The transitional unity government expressed it’s disappointment over the move by the U.N Security Council to extend again the mandate of the United Nations Mission in South Sudan (UNMISS) for a year, till March 15, 2024.
Michael Makuei Lueth, Minister of Information and Communication on Friday insinuated that the extension was influenced by “negative reports” issued by foreign agencies working in the country.
“Definitely, we are disappointed but what do we do? We are waiting for the next round when we will again write and tell them that we don’t want this (UNMISS) and the day will come when we will decide otherwise,” Makuei told journalists after a weekly cabinet meeting in Juba.
“Whenever the time approaches, we present our objection to the renewal and we state our reasons, and every time we make presentations they ignored it and act in accordance with the report of institutions and organizations that are working in South Sudan,” he added.
Makuei said that if foreign organizations were to write good reports of peace and stability many of their employees would lose jobs.
“If these people write a report that South Sudan is now stable, UN will say okay go away and they will lose their jobs,” he said.
“There will be no a place where they will be deployed again and they will have no employment, so they are under a duty to protect their interest.”
UNSC Resolution 2677 passed on March 16th decides to maintain the overall force levels of UNMISS with a troop ceiling of 17,000 personnel and a police ceiling of 2,101 personnel, including 88 justice and corrections advisors.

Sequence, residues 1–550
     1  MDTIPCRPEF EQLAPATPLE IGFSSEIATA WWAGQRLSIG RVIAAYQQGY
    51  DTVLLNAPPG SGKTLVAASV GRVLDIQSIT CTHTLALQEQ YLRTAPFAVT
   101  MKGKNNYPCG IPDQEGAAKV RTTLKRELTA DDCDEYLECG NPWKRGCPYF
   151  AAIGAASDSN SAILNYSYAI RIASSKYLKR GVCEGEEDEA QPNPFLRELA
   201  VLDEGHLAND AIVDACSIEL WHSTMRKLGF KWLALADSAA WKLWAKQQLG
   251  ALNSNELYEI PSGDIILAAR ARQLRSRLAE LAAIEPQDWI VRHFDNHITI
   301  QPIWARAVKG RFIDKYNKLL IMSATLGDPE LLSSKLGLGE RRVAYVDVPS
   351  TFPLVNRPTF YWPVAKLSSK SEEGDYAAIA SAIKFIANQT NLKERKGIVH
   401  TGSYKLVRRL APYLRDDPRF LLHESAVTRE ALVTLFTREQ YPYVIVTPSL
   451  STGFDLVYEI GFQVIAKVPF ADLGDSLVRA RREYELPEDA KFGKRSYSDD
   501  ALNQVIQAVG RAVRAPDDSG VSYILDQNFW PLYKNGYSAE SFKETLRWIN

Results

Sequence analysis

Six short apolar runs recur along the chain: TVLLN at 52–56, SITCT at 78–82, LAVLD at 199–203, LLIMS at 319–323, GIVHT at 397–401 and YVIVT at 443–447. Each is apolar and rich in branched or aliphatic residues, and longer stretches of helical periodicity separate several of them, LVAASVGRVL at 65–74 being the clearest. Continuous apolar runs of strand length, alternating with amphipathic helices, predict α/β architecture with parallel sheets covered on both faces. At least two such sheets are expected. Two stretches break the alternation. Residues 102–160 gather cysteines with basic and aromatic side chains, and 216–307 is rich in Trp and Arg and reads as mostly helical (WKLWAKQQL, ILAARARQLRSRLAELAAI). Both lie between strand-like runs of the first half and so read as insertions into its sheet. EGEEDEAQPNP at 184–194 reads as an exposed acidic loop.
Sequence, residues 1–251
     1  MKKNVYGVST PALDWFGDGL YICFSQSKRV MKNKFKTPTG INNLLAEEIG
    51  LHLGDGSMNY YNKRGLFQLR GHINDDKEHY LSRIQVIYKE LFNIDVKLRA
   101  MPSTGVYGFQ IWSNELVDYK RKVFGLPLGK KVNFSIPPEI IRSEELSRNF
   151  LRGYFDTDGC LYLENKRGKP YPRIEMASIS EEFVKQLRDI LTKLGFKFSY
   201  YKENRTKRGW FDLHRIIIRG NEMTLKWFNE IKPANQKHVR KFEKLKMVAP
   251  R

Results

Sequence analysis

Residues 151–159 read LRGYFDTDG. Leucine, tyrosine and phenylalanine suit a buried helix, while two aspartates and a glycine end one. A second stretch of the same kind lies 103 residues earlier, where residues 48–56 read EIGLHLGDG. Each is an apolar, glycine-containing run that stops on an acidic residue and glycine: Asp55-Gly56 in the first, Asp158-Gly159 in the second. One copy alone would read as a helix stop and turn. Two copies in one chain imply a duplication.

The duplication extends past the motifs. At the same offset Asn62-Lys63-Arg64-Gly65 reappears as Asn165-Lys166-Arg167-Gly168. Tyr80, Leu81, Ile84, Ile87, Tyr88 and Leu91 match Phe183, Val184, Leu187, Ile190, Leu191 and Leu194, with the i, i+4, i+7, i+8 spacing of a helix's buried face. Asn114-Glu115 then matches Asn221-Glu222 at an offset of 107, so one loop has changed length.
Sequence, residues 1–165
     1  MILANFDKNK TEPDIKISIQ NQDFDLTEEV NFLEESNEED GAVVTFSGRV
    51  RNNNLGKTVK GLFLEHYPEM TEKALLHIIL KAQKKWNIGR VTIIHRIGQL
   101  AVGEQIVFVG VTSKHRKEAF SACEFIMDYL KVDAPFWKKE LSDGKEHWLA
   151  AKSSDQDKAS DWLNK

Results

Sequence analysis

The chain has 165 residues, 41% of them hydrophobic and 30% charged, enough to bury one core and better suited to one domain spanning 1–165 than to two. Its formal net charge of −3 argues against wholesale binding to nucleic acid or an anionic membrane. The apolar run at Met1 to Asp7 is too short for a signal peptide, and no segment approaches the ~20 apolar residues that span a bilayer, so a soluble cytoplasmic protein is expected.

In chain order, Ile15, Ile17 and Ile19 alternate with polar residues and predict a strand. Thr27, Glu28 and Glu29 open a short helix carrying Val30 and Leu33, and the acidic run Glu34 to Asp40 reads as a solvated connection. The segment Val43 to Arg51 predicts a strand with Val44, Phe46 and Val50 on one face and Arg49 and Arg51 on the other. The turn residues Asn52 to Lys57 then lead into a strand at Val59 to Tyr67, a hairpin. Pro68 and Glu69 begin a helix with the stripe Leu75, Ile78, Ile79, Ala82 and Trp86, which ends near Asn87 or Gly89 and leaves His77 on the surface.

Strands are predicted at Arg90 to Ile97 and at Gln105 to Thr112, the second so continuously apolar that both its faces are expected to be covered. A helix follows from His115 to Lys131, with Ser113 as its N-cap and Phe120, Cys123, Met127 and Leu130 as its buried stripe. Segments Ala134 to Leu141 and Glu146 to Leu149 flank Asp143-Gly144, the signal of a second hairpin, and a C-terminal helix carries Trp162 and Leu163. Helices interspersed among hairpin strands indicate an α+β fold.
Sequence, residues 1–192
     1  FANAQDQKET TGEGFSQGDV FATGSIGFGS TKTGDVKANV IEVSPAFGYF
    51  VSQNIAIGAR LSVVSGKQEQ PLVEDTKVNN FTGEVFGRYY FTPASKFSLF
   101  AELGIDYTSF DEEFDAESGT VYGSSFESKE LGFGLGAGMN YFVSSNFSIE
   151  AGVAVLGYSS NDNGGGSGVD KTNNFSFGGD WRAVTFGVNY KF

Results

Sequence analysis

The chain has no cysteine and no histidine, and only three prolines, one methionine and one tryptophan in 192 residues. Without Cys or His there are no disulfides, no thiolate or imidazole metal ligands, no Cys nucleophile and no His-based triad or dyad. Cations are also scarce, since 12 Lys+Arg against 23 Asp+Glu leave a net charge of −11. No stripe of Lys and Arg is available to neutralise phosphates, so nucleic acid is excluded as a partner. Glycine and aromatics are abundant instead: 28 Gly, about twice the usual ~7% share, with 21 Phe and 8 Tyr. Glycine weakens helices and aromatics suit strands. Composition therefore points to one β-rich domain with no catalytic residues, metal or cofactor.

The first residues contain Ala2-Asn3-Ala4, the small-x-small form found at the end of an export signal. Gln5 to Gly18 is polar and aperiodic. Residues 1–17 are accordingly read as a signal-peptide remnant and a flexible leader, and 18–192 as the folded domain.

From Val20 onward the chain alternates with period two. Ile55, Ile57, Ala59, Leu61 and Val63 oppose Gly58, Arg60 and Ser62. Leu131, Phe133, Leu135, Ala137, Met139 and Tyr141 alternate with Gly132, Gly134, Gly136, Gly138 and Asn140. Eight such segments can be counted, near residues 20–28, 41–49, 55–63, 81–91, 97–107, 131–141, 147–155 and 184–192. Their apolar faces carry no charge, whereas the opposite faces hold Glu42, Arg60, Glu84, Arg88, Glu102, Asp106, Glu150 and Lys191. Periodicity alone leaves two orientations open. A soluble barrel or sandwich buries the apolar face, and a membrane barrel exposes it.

It expresses the Security Council’s readiness to consider adjustments to UNMISS force levels and capacity-building tasks to match security conditions on the ground.
The resolution decides that UNMISS’s mandate remains to advance a three-year strategic vision to prevent a return to civil war in South Sudan, to build durable peace at the local and national levels, and to support inclusive and accountable governance and free, fair, and peaceful elections in accordance with the 2018 Revitalized Agreement on the Resolution of the Conflict in South Sudan (R-ARCSS).
The four core elements of the UNMISS mandate remain largely unchanged: protecting civilians; creating the conditions conducive to the delivery of humanitarian assistance; supporting the peace process; and monitoring, investigating and reporting on violations of international humanitarian law and violations and abuses of human rights.